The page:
HARRIS v. STATE

Reset A A Font size: Print

Court of Appeals of Texas,Waco.

James Douglas HARRIS, Appellant, v. The STATE of Texas, Appellee.

No. 10-03-00258-CR.

Decided: May 12, 2004

Before Chief Justice GRAY, Justice VANCE, and Justice REYNA. H. Fred Neale, Attorney At Law, Mexia, for Appellant/Relator. Roy Defriend, County & District Attorney for Limestone County, Groesbeck, for Appellee/Respondent.

ABATEMENT ORDER

James Douglas Harris appeals from the revocation of his community supervision for burglary of a building.   The trial court signed a certification of the defendant's right of appeal stating that this is a plea-bargain case and Harris has no right of appeal.   The record belies the court's certification.   Accordingly, we will abate this appeal to the trial court for entry of an amended certification.

Rule of Appellate Procedure 25.2(d) requires this Court to dismiss any criminal appeal in which the record does not contain a certification showing that the appellant has the right of appeal.  Tex.R.App. P. 25.2(d).  Rule 37.1 provides that the appellate court clerk must notify the parties if the Court receives a “defective” certification of the defendant's right of appeal “so that it can be remedied, if possible.”  Id. 37.1.   Rule 44.3 prohibits an appellate court from dismissing an appeal “for formal defects or irregularities in appellate procedure without allowing a reasonable time to correct or amend the defects or irregularities.”  Id. 44.3.

Rule 44.4 provides:

(a) Generally. A court of appeals must not affirm or reverse a judgment or dismiss an appeal if:

(1) the trial court's erroneous action or failure or refusal to act prevents the proper presentation of a case to the court of appeals;  and

(2) the trial court can correct its action or failure to act.

(b) Court of Appeals Direction if Error Remediable.   If the circumstances described in (a) exist, the court of appeals must direct the trial court to correct the error.   The court of appeals will then proceed as if the erroneous action or failure to act had not occurred.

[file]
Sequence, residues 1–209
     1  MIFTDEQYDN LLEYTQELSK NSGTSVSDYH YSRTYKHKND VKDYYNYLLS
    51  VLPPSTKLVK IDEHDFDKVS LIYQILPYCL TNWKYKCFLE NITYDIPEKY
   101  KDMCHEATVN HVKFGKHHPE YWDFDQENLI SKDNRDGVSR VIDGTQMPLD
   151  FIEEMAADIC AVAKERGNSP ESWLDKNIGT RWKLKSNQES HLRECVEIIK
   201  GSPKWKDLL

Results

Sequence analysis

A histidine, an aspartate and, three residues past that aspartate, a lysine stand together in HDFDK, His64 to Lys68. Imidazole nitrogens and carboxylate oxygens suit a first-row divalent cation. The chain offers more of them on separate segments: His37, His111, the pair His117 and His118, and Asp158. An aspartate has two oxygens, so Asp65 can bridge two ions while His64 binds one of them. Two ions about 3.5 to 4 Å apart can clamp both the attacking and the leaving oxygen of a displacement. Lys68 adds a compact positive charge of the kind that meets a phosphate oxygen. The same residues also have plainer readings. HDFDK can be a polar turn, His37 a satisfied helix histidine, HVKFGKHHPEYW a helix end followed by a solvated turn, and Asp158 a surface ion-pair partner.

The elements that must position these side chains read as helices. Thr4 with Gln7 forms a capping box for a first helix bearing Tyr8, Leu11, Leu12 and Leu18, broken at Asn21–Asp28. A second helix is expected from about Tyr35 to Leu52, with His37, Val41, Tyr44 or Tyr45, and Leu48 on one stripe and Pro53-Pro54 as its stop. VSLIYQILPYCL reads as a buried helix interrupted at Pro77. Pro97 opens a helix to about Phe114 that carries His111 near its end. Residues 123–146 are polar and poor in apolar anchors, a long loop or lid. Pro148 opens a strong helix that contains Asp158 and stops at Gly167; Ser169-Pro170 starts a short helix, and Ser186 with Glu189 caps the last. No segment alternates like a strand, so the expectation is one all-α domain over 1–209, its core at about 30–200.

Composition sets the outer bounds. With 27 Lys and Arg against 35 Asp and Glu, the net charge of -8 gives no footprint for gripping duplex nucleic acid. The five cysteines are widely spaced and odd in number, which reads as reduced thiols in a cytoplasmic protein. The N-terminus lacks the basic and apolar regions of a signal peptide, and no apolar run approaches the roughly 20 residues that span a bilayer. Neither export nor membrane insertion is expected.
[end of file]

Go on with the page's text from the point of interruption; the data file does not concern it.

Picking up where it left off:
Id. 44.4.

In Walker v. State, this Court concluded that a certification of the defendant's right of appeal is not “defective” merely because it states that the defendant has no right of appeal.  110 S.W.3d 509, 511 (Tex.App.-Waco 2003, no pet.).   Two courts have reached the opposite conclusion.   See Daniels v. State, 110 S.W.3d 174, 175 (Tex.App.-San Antonio 2003, no pet.);  Teel v. State, 104 S.W.3d 266, 267 (Tex.App.-Beaumont 2003, no pet.).

The El Paso Court of Appeals has struck a middle ground in this situation.   That Court recognizes that an appellate court “has implied authority to inquire into the validity or accuracy of a certification before dismissing the appeal.”  Stowe v. State, 124 S.W.3d 228, 233 (Tex.App.-El Paso 2003, order).   Thus, that Court has concluded that a certification that the defendant has no right of appeal is “defective” if it is contrary to the record (i.e., if the record affirmatively reflects that the defendant has the right of appeal).   See id. at 236;  accord Hargesheimer v. State, 126 S.W.3d 658, 659-60 (Tex.App.-Amarillo 2004, order) (per curiam);  Currier v. State, 114 S.W.3d 754, 755 (Tex.App.-Houston [1st Dist.] 2003, order) (per curiam).

Two of these courts of appeals abated the case for the trial court to enter an amended certification consistent with the record.   See Hargesheimer, 126 S.W.3d at 660;  Stowe, 124 S.W.3d at 236-37.   The other ordered the trial court to prepare and file an amended certification without abating the appeal.  Currier, 114 S.W.3d at 755.   We now overrule Walker to the extent it is inconsistent with these decisions.

Here, Harris seeks to appeal the revocation of his community supervision, which he has a statutory right to do.1  See Tex.Code Crim. Proc. Ann. art. 42.12, § 23(b) (Vernon Supp.2004).   Accordingly, the trial court's certification is in error.

This Court “must not” dismiss an appeal based on an erroneous certification when the trial court can correct the error.   See Tex.R.App. P. 44.4.   Because the clerk's record and the reporter's record have been filed, the trial court no longer has authority to act in this matter absent an abatement order.   See Tex.R.App. P. 25.2(g);  cf.  Currier, 114 S.W.3d at 755.   Therefore, we abate this appeal to the trial court for entry of an amended certification of the defendant's right of appeal.   See Hargesheimer, 126 S.W.3d at 660;  Stowe, 124 S.W.3d at 236-37.